The first criteria that a covered entity would need to consider is whether the protected health information at issue is either erroneous or incomplete. The basic concept comes from the Privacy Act of 1974, governing records held by Federal agencies, which permits an individual to request correction or amendment of a record "which the individual believes is not accurate, relevant, timely, or complete." (5 U.S.C. 552a(d)(2)). We would adopt the standards of “accuracy” and “completeness” and draw on the clarification and analysis of these terms that has emerged in administrative and judicial interpretations of the Privacy Act over the last 25 years.
We are not proposing to permit correction on the basis of an individual's belief that information is irrelevant or untimely. The Privacy Act of 1974 imposes affirmative obligations on Federal agencies to maintain records with accuracy, relevance, timeliness, and completeness, and permits individuals to seek correction of records that do not meet that standard. The amendment and correction right complements and helps to enforce the agency obligation.
Our view is that the relevance and timeliness standards, while very appropriate for Federal agencies generally, would be difficult to impose by regulation upon health record keeping, which depends to a large extent on clinical judgment. The increasingly- recognized impact of lifestyle and environmental factors on health may, for example, motivate physicians to record information which appears irrelevant, but which may in fact serve as a diagnostic clue, or which may alert later users of the record to clinically relevant aspects of the patient's life. We invite comment on how any such standard might be structured to avoid interfering inappropriately with clinical judgment.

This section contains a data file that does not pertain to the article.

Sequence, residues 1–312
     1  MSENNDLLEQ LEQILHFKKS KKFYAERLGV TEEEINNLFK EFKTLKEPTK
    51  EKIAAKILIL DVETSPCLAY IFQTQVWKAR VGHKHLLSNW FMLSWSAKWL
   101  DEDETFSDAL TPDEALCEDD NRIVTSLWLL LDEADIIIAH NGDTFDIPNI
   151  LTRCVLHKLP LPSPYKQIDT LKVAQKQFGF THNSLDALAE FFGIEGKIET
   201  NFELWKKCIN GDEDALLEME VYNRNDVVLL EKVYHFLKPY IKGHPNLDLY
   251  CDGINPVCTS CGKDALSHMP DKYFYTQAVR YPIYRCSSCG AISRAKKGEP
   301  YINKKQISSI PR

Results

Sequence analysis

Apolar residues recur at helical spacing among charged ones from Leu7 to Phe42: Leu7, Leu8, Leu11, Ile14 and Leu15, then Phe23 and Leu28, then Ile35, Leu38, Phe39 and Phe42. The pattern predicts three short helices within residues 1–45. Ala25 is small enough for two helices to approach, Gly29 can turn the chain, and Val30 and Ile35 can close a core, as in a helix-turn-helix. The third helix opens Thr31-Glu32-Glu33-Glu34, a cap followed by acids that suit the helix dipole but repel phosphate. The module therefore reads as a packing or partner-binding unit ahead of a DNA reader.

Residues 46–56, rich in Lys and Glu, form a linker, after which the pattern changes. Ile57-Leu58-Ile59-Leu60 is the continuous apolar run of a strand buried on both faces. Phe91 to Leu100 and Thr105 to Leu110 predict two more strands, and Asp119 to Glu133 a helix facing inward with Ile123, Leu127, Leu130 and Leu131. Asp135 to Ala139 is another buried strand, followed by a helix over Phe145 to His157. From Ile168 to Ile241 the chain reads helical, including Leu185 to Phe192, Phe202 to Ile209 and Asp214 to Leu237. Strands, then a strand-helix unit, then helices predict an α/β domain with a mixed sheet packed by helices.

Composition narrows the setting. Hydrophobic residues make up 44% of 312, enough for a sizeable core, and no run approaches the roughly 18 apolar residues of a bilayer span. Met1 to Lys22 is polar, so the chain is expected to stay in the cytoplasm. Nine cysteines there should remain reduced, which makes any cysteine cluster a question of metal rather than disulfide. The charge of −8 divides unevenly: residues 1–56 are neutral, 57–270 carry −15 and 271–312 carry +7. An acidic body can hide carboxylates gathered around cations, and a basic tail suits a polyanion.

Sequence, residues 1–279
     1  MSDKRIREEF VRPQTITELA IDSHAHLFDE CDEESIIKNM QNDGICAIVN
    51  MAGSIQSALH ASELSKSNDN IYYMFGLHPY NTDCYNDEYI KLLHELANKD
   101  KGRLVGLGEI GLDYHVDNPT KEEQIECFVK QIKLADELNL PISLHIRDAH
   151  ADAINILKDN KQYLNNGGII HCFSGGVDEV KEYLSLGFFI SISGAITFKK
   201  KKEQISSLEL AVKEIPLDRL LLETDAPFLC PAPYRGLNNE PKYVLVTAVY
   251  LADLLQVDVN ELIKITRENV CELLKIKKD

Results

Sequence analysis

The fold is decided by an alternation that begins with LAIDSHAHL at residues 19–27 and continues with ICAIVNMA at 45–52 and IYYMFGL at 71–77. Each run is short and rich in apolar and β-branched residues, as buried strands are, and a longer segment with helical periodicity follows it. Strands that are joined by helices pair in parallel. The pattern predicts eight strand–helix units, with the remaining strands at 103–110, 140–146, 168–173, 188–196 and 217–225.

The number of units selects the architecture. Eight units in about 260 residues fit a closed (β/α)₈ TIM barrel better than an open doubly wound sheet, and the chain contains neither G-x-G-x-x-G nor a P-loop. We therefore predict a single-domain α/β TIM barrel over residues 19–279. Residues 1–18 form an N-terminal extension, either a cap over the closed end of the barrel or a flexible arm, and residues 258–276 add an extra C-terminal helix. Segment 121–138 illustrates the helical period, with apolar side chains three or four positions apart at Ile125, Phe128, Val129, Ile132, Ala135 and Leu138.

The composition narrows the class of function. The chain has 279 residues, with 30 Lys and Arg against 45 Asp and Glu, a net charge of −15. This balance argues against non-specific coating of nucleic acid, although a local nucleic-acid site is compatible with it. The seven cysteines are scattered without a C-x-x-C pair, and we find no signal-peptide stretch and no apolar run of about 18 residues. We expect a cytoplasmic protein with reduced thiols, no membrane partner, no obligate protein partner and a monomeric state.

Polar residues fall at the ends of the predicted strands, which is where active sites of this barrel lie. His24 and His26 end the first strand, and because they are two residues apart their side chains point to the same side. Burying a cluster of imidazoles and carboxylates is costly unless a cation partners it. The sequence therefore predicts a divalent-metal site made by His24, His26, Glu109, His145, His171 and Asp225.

We also are concerned about the burden that requests for amendment or correction may place on covered plans and providers and have tried to limit the process to those situations where amendment or correction would appear to be most important. We invite comment on whether our approach reasonably balances burden with adequately protecting individual interests.
We note that for Federal agencies that are also covered plans or providers, the rule we are proposing would not diminish their present obligations under the Privacy Act of 1974, under which all four factors are bases for amendment and correction.